Weevils are one of the most incredibly diverse of beetle groups, coming in an incredible array of shapes and structures, but they are not usually renowned for their bright colours. Nevertheless, in a group of this size, there is always scope for surprise: witness the image above. Eurhinus is a genus of absolutely stunning metallic-coloured weevils native to Central and South America; one species, E. magnificus, was first recorded in Florida in 2002 and has since become established there. The photo above was identified on Flickr as E. magnificus but looking over the descriptions in Casey (1922) I suspect it is more likely to be the closely related E. festivus. Eurhinus magnificus differs in having patches of red on the pronotum and elytral humeri (the 'shoulders'); see photos here, for instance.

Eurhinus species feed on vines of the Vitaceae, the grape family. Eggs are inserted into young stems where the larvae cause distinct galls as they develop. It does not look like they are known to cause significant damage to economically important species though studies on whether it can successfully attack grapes are inconclusive.


Casey, T. L. 1922. Studies in the rhynchophorous subfamily Barinae of the Brazilian fauna. Memoirs on the Coleoptera 10: 1-520.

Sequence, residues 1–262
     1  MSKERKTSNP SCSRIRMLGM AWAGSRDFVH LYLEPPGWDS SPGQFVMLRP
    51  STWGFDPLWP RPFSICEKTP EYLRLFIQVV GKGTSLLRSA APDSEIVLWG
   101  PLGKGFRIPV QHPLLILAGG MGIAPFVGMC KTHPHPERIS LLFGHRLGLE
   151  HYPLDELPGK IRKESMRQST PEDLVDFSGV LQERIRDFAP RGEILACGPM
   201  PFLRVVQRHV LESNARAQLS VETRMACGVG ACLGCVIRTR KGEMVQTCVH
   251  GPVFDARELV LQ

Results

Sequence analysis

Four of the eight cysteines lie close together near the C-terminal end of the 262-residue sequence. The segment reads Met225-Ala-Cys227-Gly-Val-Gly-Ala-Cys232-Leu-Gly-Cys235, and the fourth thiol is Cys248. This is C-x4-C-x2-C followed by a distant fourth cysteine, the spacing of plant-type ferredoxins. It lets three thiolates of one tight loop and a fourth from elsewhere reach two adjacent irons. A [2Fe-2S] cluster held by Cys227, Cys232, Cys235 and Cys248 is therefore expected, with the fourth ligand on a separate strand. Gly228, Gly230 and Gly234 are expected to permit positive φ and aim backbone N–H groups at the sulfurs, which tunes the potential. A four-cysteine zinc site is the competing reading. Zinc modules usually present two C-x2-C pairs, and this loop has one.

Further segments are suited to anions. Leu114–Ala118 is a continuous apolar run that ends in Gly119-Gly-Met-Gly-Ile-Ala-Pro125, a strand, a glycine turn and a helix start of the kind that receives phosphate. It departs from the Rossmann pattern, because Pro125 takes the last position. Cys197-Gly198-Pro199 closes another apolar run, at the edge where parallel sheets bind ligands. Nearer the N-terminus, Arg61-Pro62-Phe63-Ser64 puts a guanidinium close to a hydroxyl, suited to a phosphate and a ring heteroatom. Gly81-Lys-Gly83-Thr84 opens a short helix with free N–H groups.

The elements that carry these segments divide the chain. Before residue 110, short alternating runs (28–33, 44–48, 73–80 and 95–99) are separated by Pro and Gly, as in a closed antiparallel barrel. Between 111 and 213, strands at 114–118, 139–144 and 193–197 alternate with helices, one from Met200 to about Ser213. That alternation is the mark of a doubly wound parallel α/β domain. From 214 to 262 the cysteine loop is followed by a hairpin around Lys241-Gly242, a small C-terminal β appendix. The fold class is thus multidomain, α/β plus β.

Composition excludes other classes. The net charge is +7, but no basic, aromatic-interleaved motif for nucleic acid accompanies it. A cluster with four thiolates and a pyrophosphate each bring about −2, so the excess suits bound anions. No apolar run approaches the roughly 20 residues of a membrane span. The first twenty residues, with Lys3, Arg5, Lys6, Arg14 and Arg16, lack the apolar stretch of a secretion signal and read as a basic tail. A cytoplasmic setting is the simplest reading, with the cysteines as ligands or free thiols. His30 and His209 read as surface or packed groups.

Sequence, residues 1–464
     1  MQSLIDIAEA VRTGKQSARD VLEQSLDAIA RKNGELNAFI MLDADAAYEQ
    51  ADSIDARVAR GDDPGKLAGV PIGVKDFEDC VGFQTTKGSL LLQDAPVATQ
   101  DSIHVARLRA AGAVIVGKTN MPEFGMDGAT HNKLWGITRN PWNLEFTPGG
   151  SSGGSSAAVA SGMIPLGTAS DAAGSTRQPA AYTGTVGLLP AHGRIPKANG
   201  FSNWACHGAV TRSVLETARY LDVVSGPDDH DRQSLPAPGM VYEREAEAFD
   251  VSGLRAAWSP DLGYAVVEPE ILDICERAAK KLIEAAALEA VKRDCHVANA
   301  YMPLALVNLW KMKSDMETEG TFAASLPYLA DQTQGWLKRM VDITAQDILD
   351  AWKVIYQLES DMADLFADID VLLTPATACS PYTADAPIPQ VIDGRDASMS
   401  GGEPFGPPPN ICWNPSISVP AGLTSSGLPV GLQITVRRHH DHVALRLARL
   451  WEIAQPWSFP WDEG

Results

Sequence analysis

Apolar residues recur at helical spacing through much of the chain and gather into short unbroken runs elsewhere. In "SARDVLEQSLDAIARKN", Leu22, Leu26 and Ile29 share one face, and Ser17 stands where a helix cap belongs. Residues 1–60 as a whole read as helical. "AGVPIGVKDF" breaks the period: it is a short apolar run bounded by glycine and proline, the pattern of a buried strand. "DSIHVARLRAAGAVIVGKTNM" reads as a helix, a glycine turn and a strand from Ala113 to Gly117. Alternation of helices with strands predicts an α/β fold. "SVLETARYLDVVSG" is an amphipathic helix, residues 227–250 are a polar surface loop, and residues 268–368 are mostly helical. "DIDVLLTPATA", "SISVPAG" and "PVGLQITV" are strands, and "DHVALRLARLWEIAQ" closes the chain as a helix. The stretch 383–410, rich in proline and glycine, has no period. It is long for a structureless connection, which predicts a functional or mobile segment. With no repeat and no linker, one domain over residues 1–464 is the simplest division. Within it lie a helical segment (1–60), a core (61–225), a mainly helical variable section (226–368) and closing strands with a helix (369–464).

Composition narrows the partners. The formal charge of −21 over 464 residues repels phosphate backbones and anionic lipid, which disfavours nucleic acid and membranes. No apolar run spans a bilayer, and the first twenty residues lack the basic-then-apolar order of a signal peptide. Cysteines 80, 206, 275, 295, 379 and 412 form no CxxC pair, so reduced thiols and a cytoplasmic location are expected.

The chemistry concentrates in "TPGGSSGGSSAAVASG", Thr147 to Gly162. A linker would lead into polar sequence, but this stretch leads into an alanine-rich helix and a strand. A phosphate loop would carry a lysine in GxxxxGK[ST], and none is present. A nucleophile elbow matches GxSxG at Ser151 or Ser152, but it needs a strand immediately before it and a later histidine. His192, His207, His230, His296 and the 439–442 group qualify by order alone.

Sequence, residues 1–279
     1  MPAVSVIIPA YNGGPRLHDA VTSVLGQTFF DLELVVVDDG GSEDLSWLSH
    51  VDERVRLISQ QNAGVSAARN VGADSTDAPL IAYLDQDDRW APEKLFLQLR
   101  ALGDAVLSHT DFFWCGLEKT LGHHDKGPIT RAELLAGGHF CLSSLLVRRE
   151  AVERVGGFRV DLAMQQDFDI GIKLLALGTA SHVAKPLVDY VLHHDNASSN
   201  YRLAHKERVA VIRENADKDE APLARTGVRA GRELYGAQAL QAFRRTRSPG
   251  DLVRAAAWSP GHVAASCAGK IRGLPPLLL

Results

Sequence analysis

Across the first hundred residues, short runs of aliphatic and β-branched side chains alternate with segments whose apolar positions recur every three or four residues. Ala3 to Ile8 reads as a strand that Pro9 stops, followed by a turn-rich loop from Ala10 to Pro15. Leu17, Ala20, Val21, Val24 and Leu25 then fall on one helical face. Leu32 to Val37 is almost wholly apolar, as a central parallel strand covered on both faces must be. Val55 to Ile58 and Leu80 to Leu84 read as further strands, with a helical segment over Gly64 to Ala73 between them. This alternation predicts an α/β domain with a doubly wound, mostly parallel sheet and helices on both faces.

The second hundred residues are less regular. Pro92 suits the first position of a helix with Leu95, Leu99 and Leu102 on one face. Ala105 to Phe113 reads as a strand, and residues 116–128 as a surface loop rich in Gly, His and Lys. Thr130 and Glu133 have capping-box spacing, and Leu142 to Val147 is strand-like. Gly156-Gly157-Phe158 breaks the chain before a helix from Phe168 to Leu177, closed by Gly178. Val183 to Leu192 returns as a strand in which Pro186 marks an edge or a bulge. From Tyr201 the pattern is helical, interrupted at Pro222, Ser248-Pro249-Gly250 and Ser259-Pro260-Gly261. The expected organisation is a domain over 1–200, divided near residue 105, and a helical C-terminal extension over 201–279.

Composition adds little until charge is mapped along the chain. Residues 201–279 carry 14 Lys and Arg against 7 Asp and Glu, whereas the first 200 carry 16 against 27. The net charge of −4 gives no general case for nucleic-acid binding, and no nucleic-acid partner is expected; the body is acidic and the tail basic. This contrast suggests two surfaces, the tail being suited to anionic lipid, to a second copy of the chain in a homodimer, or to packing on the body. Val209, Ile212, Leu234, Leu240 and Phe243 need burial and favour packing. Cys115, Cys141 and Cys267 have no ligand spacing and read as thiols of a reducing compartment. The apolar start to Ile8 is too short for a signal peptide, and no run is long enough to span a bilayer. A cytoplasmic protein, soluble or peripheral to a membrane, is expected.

Finches in Drag

Green-headed tanager Tangara seledon, copyright Dario Sanches.

In many parts of tropical South America, it is common to see small flocks of brightly coloured small birds foraging among vegetation, plucking off berries or hunting for insects. In many cases, these flocks may contain individuals of multiple or even several species. These are the tanagers, one of the Neotropical region's most characteristic bird families.

Tanagers are members of the bird clade known as the nine-primaried songbirds (so-called because their wings have nine functional primary feathers rather than the ten of other songbirds) that also includes the finches, buntings and cardinals. The largest genus of tanagers, and indeed one of the larger genera of birds in general, is Tangara. This genus includes about fifty species found in various parts of the neotropics. In their overall structure, they are fairly uniform: small, sturdy birds with a stout, moderate-length bill and an average-length tail (Hilty 2011). In other words, they have a fairly unremarkable, finchy-type appearance. In colour and patterning, however, they are considerably more varied, to the extent that I am at a loss to know where to begin. There are species of a rich, deep blue and of a bright, emerald green. There are species with bold, contrasting patterns of blues, blacks, greens or golds; there are species of a solid, uniform brilliance. There are species with caps or chests of orange or black. There are even a few, such as the plain-coloured tanager Tangara inornata, that eschew the gaudy pigments of their congeners entirely in favour of more restrained patterns of greys and beiges. In many species, males and females show little or no difference in appearance; however, in the black-capped group (including species such as the black-capped tanager T. heinei), the males have contrasting patterns of black and blue or yellow whereas the females are largely green and grey.